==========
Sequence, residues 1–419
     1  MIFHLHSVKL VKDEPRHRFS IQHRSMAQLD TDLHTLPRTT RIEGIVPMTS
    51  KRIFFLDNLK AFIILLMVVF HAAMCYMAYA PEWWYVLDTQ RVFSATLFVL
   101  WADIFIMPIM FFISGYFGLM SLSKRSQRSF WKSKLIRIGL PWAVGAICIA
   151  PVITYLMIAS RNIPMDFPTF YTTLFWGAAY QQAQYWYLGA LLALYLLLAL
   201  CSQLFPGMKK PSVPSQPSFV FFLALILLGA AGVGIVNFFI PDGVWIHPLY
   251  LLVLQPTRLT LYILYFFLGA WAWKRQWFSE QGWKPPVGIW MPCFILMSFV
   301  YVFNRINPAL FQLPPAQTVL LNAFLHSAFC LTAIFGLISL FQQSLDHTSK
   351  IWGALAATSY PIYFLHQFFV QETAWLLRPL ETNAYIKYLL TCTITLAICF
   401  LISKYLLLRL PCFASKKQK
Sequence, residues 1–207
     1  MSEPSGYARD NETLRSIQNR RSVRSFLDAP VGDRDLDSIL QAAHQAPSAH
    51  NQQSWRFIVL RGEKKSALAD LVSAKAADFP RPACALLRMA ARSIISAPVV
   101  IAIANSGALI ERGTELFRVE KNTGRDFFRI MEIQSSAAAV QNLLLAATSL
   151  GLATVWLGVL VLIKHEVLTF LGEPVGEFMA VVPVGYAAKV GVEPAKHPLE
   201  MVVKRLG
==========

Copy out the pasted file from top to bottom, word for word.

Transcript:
Sequence, residues 1–419
     1  MIFHLHSVKL VKDEPRHRFS IQHRSMAQLD TDLHTLPRTT RIEGIVPMTS
    51  KRIFFLDNLK AFIILLMVVF HAAMCYMAYA PEWWYVLDTQ RVFSATLFVL
   101  WADIFIMPIM FFISGYFGLM SLSKRSQRSF WKSKLIRIGL PWAVGAICIA
   151  PVITYLMIAS RNIPMDFPTF YTTLFWGAAY QQAQYWYLGA LLALYLLLAL
   201  CSQLFPGMKK PSVPSQPSFV FFLALILLGA AGVGIVNFFI PDGVWIHPLY
   251  LLVLQPTRLT LYILYFFLGA WAWKRQWFSE QGWKPPVGIW MPCFILMSFV
   301  YVFNRINPAL FQLPPAQTVL LNAFLHSAFC LTAIFGLISL FQQSLDHTSK
   351  IWGALAATSY PIYFLHQFFV QETAWLLRPL ETNAYIKYLL TCTITLAICF
   401  LISKYLLLRL PCFASKKQK
Sequence, residues 1–207
     1  MSEPSGYARD NETLRSIQNR RSVRSFLDAP VGDRDLDSIL QAAHQAPSAH
    51  NQQSWRFIVL RGEKKSALAD LVSAKAADFP RPACALLRMA ARSIISAPVV
   101  IAIANSGALI ERGTELFRVE KNTGRDFFRI MEIQSSAAAV QNLLLAATSL
   151  GLATVWLGVL VLIKHEVLTF LGEPVGEFMA VVPVGYAAKV GVEPAKHPLE
   201  MVVKRLG